Reply

  34. Yanna says:
    Tuesday, January 23, 2018 at 10:03am

    Susan, I am so sorry to hear this about Swagger.Following you and Swagger since Puppy Peaks, it breaks my heart. But I understand how you feel 🙁 I was in the similar situation 6 years ago. We joined Puppy Peaks but after two months our vets said that my sweet 6 months puppy has only 1-2 years. Thanks God that he is still with me. If I can give you advice, don’t look back or to the future. Look at him now, make a plan a enjoy every second with him. I know that you find other way how to improve his life 🙂 God bless you and we pray for you both. I will share your blog on my FB and hope that someone could send you more to Swagger’s diagnosis.

    Reply

  35. Bridget Bodine says:
    Tuesday, January 23, 2018 at 9:49am

    I do know that some dog foods lack taurine and Golden Retrievers and English Setters and I am sure others get cardiac issues because of it. https://caninelifetimehealth.org/…/researchers-getting…/
    Manage

    Researchers getting closer to understanding dietary taurine and heart…
    CANINELIFETIMEHEALTH.ORG

    Reply

  36. Betty says:
    Tuesday, January 23, 2018 at 9:42am

    Bunches of hugs and prayers for Swagger and you. Once again you inspire me by putting the focus on having a plan to seek knowledge and to focus on the day in front of us.

    Reply

  37. Lynn M says:
    Tuesday, January 23, 2018 at 9:17am

    Stunned at the news about Swagger,taking the positives from your post,you’ got an early diagnosis,and you will make his life fun and the best,I loved his scentwork,taking a different road,but with your fantastic positive outlook I know you will both enjoy it. Thinking of you x

    Reply

  38. Narelle says:
    Tuesday, January 23, 2018 at 5:57am

    Hi Susan. I have read your story and have complete empathy with you
    I have a seven year old cocker spaniel who was diagnosed in September 2017 with the same heart condition. (We live in Australia)
    Like you, we were shattered, as we seemed to have an incredibly healthy dog, who had boundless energy and seemed so full of life. He is on heart medication for the rest of his life (we were told about 2 years). I also give him Taurine 3 times a day. Charlie is a delightful boy and it so sad to think that he may not see his 10th birthday !!
    We live each day filled with as much fun and good things as we can. We go to dog training each week, which he loves and walks each day.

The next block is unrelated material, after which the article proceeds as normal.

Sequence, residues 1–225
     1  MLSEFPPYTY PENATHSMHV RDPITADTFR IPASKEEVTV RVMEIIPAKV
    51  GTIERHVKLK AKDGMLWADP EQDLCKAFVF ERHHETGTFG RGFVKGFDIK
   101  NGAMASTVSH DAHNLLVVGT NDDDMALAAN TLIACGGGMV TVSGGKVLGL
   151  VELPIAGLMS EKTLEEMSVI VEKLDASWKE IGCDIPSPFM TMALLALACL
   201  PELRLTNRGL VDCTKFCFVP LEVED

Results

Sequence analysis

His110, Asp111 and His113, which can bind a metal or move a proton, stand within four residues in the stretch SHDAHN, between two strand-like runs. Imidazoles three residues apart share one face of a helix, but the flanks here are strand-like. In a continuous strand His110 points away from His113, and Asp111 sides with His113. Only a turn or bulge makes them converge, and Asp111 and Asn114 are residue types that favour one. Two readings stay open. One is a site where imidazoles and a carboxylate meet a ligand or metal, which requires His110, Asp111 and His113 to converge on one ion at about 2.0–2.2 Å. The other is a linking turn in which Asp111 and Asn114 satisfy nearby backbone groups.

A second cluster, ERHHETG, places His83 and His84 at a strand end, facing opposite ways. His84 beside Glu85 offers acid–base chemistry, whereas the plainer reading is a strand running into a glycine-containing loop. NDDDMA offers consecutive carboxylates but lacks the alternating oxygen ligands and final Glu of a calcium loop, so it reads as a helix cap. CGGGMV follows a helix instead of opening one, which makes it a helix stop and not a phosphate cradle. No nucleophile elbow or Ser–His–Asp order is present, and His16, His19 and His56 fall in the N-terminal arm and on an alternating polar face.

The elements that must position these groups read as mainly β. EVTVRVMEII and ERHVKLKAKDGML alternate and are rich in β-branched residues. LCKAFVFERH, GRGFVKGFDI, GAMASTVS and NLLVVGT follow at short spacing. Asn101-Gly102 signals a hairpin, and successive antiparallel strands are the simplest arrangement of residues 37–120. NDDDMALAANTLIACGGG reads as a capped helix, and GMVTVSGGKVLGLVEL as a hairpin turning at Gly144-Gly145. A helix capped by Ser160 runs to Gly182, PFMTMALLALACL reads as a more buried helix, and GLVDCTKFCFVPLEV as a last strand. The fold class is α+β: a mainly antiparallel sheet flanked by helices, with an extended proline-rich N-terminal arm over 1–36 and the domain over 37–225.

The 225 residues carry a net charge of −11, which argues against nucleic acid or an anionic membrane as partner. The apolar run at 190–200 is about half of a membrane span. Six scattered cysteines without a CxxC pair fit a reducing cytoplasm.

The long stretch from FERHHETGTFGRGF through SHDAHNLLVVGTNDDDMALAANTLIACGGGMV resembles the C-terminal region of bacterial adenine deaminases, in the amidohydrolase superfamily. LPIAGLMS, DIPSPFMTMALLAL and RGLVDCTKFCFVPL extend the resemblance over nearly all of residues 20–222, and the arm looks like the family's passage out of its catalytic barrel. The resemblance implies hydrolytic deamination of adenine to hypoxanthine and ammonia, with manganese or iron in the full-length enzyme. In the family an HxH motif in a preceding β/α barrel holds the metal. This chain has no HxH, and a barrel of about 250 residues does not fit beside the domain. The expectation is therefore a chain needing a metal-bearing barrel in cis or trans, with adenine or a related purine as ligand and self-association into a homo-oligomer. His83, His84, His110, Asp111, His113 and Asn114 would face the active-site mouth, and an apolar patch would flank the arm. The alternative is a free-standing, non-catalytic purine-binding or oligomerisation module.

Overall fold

You just never know what cards you are dealt. We cherish each day.
    Good luck to you both
    Narelle and Charlie (cocker spaniel).

    Reply

  39. Carol Bentley says:
    Tuesday, January 23, 2018 at 5:49am

    So sorry Susan, especially so soon after losing Decaf. I do hope our Professor Noel Fitzpatrick is able to offer some good advice or contacts to help Swagger. (A fellow Brit had passed contact info to LOH).
    Meantime, maybe Rally-O is another low impact sport you & Swagger might enjoy.

    Reply

  40. Liz Mitchell says:
    Tuesday, January 23, 2018 at 5:06am

    I am so sorry Susan. Nosework sounds an excellant way of keeping Swagger happy and entertained, and it can really tire a dog out.
    Never give up though. My Staffie collapsed at agiity almost exactly a year ago. After some tests, she was diagnosed with cancer of the spleen and given a few weeks to live. She is still here, ruling the house and still having fun on her walks. She may even make her 14th birthday at the start of April.
    Love to you and Swagger.

    Reply

  41. Patti Stern says:
    Tuesday, January 23, 2018 at 3:27am

    Hi Susan, sorry to hear about Swagger! He is an outstanding dog, and you are blessed to have him and he to have you. Your instincts were right on, and I know you will do the best for him. Nosework is a great sport too, my dog Coop does agility and nosework, and he enjoys both. Nosework gives your dog a great workout, so take it slow too. Coop does a class for 2 hours, with 7 other dogs, and when we get home he is tired. My prayers are with you both, I know how I would feel if this about my dog. You are a strong and caring dog owner, and I know Swagger is in the very best of hands. Take care, and hoping the Meds help him, and he lives out his golden years as a happy dog. All our love to you and Swagger. Your student PAtti and Cooper.

    Reply

  42. francisca mcdonald says:
    Tuesday, January 23, 2018 at 3:22am

    My heart goes out to you Susan as you deal with this knowledge about the one and only Swagger……….. You have taught and continue to teach us all on so many levels. Coaching, Dog training, Agility and Life Skills as hard as it is I believe this is putting you on another journey for whatever reason it maybe. As hard as it is, I know in my heart of hearts you and Swagger will take this to a whole new level. (((Hugs))) my friend. Love from Brent and I xxxxx

    Reply

  43. Becky says:
    Tuesday, January 23, 2018 at 2:54am